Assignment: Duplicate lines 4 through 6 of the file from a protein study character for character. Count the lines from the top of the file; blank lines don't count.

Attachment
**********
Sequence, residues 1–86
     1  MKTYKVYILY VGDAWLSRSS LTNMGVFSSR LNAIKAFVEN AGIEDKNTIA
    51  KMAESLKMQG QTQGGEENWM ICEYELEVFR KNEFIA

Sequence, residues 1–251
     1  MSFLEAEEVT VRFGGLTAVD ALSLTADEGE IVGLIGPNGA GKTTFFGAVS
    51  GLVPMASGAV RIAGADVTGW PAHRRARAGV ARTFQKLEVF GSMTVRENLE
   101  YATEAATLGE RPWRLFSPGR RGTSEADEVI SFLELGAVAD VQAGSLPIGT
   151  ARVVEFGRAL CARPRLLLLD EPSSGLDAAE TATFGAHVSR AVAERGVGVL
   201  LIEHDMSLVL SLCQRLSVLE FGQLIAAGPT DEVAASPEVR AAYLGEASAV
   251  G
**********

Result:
Sequence, residues 1–251
     1  MSFLEAEEVT VRFGGLTAVD ALSLTADEGE IVGLIGPNGA GKTTFFGAVS
    51  GLVPMASGAV RIAGADVTGW PAHRRARAGV ARTFQKLEVF GSMTVRENLE